Sometimes, new ideas implemented with the best of intentions end up having lousy outcomes, and sometimes a lousy outcome becomes a standard, and then that standard ends up having far-reaching unfortunate repercussions. I am not talking about my cooking. I am talking about the topic of academic grade inflation. I’ve written about this idea before here, that our overly-PC, infantilized “everyone is beautiful (special, unique, fabulous, genius, gifted, etc.) in their own way” American culture is unrealistic, greedy on all sides, and, in the end, should be held accountable for a corruption that utterly defeats the noble, if gently misguided, kindness the original concept attempted to foster.

I was reminded of this today via this provocative article in the New York Times about a new study on college grade inflation trending from 1940 to the present. Here’s the stat that blasted my brain: 43% of all college grades handed out these days are A’s, which makes an A the most common mark received in schools. Hop on board the Logic Train and ride it down the rails a moment with me. Let’s begin our trip with a traditional definition of letter grades:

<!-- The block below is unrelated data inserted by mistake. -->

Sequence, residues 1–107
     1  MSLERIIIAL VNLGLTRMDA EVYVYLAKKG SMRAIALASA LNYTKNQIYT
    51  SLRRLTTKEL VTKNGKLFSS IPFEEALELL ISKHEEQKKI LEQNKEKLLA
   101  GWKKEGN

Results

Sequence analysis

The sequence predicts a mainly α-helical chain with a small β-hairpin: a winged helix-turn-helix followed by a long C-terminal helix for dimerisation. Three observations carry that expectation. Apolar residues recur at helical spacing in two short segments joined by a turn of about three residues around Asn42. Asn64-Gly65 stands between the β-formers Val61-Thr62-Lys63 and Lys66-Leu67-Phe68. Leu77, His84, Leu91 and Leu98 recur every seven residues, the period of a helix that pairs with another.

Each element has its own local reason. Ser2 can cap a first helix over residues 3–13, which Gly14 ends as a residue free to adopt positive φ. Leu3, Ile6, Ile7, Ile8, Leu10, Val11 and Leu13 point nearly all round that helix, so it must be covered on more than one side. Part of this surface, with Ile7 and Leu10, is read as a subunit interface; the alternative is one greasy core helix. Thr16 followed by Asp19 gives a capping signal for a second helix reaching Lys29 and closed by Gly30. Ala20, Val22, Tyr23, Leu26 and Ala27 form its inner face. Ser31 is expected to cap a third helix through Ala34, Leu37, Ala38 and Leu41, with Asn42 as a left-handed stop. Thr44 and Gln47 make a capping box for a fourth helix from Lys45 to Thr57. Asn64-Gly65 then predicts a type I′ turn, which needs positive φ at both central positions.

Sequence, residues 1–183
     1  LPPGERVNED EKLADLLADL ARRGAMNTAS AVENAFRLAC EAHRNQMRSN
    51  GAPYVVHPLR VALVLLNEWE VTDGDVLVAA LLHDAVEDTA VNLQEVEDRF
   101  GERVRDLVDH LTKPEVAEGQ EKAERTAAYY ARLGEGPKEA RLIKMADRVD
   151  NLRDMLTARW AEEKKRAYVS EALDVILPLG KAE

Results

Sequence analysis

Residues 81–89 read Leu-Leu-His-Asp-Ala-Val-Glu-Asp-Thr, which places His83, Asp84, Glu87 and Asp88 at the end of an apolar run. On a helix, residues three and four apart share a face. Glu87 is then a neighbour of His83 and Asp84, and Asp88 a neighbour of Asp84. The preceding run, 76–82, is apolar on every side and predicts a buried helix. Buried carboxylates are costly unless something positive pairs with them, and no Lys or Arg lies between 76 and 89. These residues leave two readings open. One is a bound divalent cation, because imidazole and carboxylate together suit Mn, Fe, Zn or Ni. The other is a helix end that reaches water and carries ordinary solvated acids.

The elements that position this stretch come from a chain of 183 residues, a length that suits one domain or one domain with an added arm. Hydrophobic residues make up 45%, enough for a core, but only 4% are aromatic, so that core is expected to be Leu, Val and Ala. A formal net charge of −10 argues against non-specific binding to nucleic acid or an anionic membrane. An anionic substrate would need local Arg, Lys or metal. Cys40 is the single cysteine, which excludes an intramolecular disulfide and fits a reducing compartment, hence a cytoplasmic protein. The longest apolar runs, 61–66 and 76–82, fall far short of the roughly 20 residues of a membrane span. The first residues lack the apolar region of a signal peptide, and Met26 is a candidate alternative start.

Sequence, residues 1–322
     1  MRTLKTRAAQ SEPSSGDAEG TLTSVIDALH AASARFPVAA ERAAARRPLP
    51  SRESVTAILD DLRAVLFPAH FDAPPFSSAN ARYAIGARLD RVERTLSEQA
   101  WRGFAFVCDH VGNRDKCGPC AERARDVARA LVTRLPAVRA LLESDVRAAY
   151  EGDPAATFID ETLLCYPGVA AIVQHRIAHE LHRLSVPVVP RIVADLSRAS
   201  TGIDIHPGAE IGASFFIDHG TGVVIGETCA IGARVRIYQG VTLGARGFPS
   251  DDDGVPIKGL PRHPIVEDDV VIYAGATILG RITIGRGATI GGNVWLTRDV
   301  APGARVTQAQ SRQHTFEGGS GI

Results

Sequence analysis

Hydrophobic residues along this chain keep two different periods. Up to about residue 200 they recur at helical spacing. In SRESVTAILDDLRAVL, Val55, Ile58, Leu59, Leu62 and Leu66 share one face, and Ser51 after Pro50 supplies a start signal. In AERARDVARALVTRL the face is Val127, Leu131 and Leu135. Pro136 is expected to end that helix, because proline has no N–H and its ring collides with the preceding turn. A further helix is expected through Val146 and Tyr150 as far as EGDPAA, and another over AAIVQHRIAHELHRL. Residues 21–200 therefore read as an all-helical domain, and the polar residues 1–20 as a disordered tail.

A: Exceptional, outstanding quality, showing mastery of and beyond the subject worthy of notable honor;
B: Very good quality, showing mastery of subject with additional qualities of distinction;
C: Good quality, showing subject competence at a level that will allow promotion to the next level of study;
D: Poor quality, with partial competence and/or lacking solid fundamentals to progress in subject. Student is strongly encouraged to re-take class in order to achieve competence or mastery of subject;
F: No competence in subject. Student must re-take the class.

Seems a pretty reasonable set, right? The idea within this sorting of student competence has a important function: honest and meaningful feedback and a standard (and hopefully bias-free and quantitative) assessment on how much a student has learned about a given subject and how well they were able to show that knowledge.